Hello from San Francisco, where as I write this mid-day Wednesday is dark as twilight. The pervasive darkness is a result of wildfire ash trapped in a layer of the environment between us and space, and in case you were wondering, yes, it does get cold when the sun is blocked out, who knew. It’s been interesting sitting here listening to people walking past my apartment — people are definitely aggro and anxious (as am I), and we’ve only been doing this for half a day.
The whole thing sent me down a hole of news coverage of places with all-day darkness. According to some studies, Seasonal Affective Disorder (SAD), the form of depression caused by lack of exposure to natural light, is associated with crime rate spikes not because it’s easier to get away with stuff in the dark, but because many respond to depressive conditions either with violence or drug/alcohol abuse. It also appears to aggravate existing mental health issues, a 2000 Norwegian study suggests, increasing the rate of violent crimes committed by previously non-violent sufferers. Is there an argument here that the climate crisis will also, if unchecked as it has been, become a crime crisis? Today’s not the day to ask me to think deeper about this, but I’d love to hear your thoughts. — EB
The Guardian has a fascinating audio piece on the investigation into the death of Belly Mujinga. Mujinga died of COVID-19 in April, days after she was attacked and spat upon by a man who claimed he had the deadly disease. By late May, police said that they were no longer investigating the case, saying the assault and her death were not related.
Her family remains unconvinced, and a Change.org petition seeking justice in the case has well over two million signatures as of this writing (and likely far more as of publication time). According to the Guardian, though police say they tracked down the suspect in the spit attack, they didn’t arrest him, as he “produced a negative antibody test, showing he did not have the virus.”
But given how inaccurate many medical experts say most antibody tests for COVID-19 continue to be, it’s still not certain that her infection wasn’t caused by this man — but, then again, it’s not certain that it was. Right now, most countries don’t have deliberate exposure laws for COVID-19 the way some do for, say, HIV. This is unlikely to be the last case we see of either allegedly deliberate or negligent exposure, and it will be interesting to see if it’s Mujinga’s case, or another one, that starts setting precedent for prosecution. You can listen to the Gaurdian’s audio report here. — EB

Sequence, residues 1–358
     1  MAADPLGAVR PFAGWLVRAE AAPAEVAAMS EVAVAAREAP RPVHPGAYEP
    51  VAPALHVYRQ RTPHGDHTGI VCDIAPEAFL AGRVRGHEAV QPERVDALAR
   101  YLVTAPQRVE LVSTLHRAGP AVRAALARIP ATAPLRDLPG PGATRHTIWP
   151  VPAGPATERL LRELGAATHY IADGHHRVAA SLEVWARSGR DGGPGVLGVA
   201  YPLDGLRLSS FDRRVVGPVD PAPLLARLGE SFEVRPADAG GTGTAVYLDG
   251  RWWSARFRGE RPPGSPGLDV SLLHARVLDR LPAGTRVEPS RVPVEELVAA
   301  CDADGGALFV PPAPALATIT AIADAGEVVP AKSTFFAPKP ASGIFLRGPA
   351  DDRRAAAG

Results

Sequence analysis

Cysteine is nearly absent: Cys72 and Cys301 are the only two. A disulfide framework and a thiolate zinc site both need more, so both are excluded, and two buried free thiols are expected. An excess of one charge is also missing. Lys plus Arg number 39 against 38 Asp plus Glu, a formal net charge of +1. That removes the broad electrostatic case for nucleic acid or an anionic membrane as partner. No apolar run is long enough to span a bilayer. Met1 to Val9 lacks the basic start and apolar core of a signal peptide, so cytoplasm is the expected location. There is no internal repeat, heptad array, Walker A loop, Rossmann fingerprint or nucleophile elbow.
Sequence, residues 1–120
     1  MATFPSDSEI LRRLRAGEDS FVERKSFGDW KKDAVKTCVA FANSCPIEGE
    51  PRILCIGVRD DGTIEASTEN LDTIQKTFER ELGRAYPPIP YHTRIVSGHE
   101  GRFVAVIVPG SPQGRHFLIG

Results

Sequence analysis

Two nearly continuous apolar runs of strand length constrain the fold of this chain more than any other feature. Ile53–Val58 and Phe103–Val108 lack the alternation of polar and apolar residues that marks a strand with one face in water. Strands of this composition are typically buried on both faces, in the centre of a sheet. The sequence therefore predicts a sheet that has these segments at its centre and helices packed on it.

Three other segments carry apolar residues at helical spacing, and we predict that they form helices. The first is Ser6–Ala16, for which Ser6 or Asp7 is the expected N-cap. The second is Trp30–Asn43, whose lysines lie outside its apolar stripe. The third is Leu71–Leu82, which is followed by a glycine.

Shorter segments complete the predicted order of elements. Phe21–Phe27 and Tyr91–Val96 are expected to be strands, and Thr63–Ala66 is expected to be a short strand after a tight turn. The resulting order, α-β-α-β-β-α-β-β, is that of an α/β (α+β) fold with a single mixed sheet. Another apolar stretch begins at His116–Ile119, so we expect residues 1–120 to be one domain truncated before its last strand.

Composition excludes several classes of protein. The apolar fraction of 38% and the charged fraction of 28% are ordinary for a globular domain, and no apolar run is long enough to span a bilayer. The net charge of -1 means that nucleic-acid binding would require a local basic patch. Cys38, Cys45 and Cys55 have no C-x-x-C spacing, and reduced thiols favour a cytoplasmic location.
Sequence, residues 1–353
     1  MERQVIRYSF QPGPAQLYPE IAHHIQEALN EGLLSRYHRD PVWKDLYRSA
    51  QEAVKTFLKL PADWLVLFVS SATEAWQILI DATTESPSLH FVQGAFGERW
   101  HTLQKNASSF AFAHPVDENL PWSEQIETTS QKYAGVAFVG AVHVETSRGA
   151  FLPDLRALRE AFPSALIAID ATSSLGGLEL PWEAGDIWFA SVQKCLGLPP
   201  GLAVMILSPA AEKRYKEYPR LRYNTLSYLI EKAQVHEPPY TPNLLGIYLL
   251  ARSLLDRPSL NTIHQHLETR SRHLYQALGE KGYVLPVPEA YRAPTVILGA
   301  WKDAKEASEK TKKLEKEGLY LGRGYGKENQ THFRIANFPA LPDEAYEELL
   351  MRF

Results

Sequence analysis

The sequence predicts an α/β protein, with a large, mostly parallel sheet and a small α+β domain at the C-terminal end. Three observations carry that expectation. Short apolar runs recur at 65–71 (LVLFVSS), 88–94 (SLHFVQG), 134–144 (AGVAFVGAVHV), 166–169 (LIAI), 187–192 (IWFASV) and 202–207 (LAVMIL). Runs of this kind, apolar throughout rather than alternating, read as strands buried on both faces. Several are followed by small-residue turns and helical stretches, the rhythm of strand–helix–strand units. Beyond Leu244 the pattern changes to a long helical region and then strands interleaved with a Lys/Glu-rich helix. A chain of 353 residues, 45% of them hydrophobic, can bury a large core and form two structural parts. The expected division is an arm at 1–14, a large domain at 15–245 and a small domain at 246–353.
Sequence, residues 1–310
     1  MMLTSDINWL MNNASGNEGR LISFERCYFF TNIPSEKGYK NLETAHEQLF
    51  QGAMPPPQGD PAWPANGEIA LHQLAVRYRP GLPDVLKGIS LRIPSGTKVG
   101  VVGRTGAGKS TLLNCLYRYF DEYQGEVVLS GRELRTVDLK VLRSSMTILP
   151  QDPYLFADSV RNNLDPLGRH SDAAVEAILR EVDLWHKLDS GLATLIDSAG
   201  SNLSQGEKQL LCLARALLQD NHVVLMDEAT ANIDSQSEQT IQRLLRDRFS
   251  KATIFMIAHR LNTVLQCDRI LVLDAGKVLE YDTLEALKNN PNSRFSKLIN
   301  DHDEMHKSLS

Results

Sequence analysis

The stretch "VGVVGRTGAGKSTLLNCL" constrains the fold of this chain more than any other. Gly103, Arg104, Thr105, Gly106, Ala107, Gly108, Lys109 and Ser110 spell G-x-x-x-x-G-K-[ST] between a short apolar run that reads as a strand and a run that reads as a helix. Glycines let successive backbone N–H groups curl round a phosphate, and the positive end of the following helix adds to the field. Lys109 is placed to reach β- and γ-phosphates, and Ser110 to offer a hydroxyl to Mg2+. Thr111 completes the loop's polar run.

You can’t keep a good man — or Dan Abrams — down. Abrams didn’t lose his job as host of now-canceled (in every sense of the word) copaganda show Live PD all that long ago, but he’s already found a new bag: Variety reports that the Law & Crime Network founder is now shilling Law & Crime Daily, a syndicated daily show “that examines the day’s most interesting court cases and true-crime events.” In other words, Entertainment Tonight, but for mayhem.
According to Abrams, “right now, all the news networks are all politics, all the time,” suggesting that there’s a void for true-crime coverage, I guess? He’s also expressing hopes that Live PD will return, saying, “I think that a show that highlights what police officers are doing is more timely than ever right now – the good and the bad. So I am pushing for it to return and certainly hope it does.” It’s certainly odd that Abrams seems to think that if he covers the “bad” that police officers do that he’ll still get their previously-instrumental cooperation to make the show, an attitude that suggests that he has not been paying attention. Anyway, his new show kicks off on September 14; check your local listings for what network near you (if any) is carrying it. — EB
The Harold Shipman Files: A Very British Crime Story is set for release on BBC2. We talked about this doc when it was announced a little more than a year ago, and now it’s here, which I guess is proof that you can count on death, taxes, and the BBC even in These Troubled Times.
During his career as a doctor, Shipman also killed at least 215 people, though it’s estimated that the true number is closer to 250, many unnoticed by officials as his victims were mainly the elderly or otherwise marginalized. The three-part doc digs deeper into why no one even cocked a brow at Shipman for so long. It’ll air during “BBC Week 39,” which news orgs say like it means something, but I’m not sure…if the BBC follows the Gregorian calendar, that means some time between September 21 and 27. — EB
True-crime podcast speculation time! So, I saw this job listing, and I’m just going to cut and paste it here in case it’s pulled down.
REMOTE - True Crime Writer For Podcast - Legal Focused Podcast, Chicago, Illinois
Date Posted September 09, 2020
Industry Newspapers / Wires, Digital Media
Required Education Bachelor's Degree
Job Status Freelance
A true crime podcast is looking for a writer who can research and write roughly 60 minute scripts centered around crimes that have gone through the legal system. The podcast launched over 3 years ago, has over 50 million downloads and is looking to add on to their team of writers.
Ideally seeking writers who have experience writing stories centered around the criminal justice system. The right fit for us is someone who actively follows high profile cases throughout the country and can tell the story of the case in a tasteful and engaging way. Respect to those involved and their families in each case is important to us.
OK, so we have Chicago-based true crime podcast, three years old, episodes are an hour long, and it’s relatively popular (though 50 million downloads is a pretty vague metric without more information). Name your suspects below. — EB
Friday on Best Evidence: When is true crime true crime, and when is it just…history?